centuries Vitamin D was considered to be only essential to maintaining
bone health, but recently more and more studies are linking Vitamin
D to overall body wellness.
These days supplementation has become very important
as the average person is unable to absorb their daily dose of
vitamin through 15-20 minutes unprotected sun exposure.
The average healthy body can naturally synthesize
about 10,000–15,000 IU of vitamin D3 in the skin within
minutes of sun exposure, without ill effect. Sunscreen lotions
above SPF 15 and glass windows block the essential UVB rays the
body needs to synthesize this crucial vitamin. In these circumstances,
taking a Vitamin D supplement every day is essential to maintaining
good health and protecting the body from various potential illnesses.
The Sunlight Nutrient
Vitamin D is naturally produced by the human
body when exposed to direct sunlight. Season, geographic latitude,
time of day, cloud cover, smog, and sunscreen affect UV ray exposure
and vitamin D synthesis in the skin, and it is important for individuals
with limited sun exposure to include good sources of vitamin D
in their diet.
Vitamin D supplements could heal damaged hearts
Vitamin D supplements could heal damaged hearts,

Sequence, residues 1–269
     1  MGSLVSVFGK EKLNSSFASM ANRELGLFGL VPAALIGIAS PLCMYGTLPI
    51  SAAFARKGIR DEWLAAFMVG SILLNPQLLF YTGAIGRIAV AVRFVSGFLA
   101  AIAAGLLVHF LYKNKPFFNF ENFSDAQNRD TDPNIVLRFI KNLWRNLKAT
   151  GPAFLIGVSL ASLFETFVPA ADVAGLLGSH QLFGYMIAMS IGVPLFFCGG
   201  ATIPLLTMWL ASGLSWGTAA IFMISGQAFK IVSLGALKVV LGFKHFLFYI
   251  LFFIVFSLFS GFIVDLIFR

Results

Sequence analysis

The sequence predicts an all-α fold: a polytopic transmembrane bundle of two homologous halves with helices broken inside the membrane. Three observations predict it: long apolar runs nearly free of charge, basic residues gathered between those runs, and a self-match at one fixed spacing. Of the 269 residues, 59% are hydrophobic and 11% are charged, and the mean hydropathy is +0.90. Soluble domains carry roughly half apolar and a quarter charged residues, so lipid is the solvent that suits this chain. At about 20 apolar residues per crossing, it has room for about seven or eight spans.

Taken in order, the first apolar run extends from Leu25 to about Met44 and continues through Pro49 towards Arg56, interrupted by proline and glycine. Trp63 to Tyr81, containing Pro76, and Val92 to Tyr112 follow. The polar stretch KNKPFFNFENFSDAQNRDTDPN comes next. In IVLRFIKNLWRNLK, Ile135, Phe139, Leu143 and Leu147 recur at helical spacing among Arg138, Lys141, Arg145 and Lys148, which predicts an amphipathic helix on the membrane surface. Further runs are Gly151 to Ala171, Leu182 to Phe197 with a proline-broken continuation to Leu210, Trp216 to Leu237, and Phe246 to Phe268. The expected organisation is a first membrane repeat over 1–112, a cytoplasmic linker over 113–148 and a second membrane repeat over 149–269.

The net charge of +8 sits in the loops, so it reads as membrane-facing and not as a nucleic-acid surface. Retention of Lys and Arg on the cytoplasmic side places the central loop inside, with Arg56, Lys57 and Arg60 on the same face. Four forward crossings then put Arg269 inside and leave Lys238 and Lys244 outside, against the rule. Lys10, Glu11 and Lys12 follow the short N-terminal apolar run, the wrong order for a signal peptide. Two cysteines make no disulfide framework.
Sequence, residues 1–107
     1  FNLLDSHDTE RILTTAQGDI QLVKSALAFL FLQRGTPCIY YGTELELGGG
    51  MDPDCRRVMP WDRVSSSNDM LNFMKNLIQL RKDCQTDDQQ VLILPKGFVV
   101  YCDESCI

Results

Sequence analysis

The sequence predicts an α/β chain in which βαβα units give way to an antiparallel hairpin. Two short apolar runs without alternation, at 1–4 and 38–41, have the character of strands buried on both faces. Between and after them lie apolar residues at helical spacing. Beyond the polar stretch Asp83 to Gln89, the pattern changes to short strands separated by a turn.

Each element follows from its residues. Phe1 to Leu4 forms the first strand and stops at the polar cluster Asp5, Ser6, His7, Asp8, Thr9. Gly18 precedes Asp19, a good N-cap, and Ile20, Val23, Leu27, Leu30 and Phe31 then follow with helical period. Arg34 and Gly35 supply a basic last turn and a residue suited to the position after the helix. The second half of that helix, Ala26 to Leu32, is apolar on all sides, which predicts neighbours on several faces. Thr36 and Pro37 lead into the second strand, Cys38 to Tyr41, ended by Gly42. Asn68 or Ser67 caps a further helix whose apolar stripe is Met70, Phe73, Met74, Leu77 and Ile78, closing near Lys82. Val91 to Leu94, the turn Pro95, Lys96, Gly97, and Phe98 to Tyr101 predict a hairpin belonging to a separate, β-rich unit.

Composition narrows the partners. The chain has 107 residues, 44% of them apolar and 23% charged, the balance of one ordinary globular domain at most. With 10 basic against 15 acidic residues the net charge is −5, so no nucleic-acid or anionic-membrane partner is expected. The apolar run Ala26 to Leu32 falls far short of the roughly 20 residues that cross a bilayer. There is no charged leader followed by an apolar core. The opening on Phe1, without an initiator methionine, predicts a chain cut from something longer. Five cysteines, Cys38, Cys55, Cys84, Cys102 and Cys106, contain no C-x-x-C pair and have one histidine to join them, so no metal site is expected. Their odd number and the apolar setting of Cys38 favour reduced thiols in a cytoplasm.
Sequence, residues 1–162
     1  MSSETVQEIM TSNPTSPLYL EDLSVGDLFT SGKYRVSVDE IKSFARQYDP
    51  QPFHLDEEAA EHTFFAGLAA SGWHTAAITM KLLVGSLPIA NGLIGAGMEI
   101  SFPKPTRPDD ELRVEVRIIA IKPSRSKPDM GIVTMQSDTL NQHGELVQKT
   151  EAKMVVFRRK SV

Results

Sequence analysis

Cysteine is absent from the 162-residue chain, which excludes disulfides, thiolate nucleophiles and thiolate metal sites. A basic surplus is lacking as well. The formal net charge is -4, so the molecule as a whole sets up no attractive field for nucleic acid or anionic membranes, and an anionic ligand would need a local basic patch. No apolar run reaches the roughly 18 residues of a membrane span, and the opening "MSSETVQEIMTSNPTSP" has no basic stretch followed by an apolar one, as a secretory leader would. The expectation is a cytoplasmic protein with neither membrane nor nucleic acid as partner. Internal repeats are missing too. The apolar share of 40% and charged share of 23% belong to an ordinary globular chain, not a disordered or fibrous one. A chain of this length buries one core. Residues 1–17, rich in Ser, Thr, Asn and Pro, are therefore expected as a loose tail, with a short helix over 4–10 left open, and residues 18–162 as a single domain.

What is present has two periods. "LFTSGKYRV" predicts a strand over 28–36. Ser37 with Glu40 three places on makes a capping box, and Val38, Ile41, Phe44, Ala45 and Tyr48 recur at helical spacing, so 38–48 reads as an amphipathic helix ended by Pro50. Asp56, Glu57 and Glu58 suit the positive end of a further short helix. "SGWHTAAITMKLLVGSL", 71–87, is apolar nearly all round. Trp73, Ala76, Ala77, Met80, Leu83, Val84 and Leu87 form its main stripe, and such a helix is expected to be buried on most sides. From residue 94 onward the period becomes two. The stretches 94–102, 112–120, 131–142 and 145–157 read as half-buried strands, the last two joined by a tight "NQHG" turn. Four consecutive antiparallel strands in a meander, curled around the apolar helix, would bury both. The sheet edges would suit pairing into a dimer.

according to a recent study. The trial involving 163 heart failure
patients found that supplements containing Vitamin D improved
the heart’s ability to pump blood around the body. The results
have been considered as ‘stunning’ by the Leeds Teaching
Vitamin D is made in the skin via sunlight and
is considered vital for teeth and bone health along with various
other biological processes. The average age of those involved
in the study was 70 and as with many people that age, they had
low levels of Vitamin D, even during the summer months. It’s
believed that people over 70 spend less time outdoors and that
with age, the body’s ability to manufacture Vitamin D also
becomes less effective.
During the study, participants were given a 100
microgram Vitamin D tablet or a sugar placebo pill to take every
day during the year. Their impact on heart failure was measured
– this is a condition where the heart becomes too weak to
pump the blood properly around the body. The ejection fraction
was the key measure, or the amount of blood that was pumped out
of the heart’s chambers with each beat. The figure is usually
60-70% in a healthy adult, but only 1/4 of the blood can be pumped
out in heart failure patients.
When the vitamin pills were taken however, the
ejection fraction was shown to increase from 26% to 34%. The study
also indicated that the patients’ hearts became smaller,
suggesting they were more powerful and efficient.
While doctors aren’t clear that the vitamin
should be routinely prescribed due to not being completely certain
as to how it improves heart function, they acknowledge that every
cell in the body responds to Vitamin D. The study data shows that
patients who took Vitamin D saw improvements in their symptoms,
so a larger study is needed.
This exciting development brings good news for
anyone suffering from a heart problem as it indicates that taking
Vitamin D could be a highly effective, convenient and relatively
cheap solution to dealing with heart problems, as opposed to prescription
medications and other intrusive means such as surgery.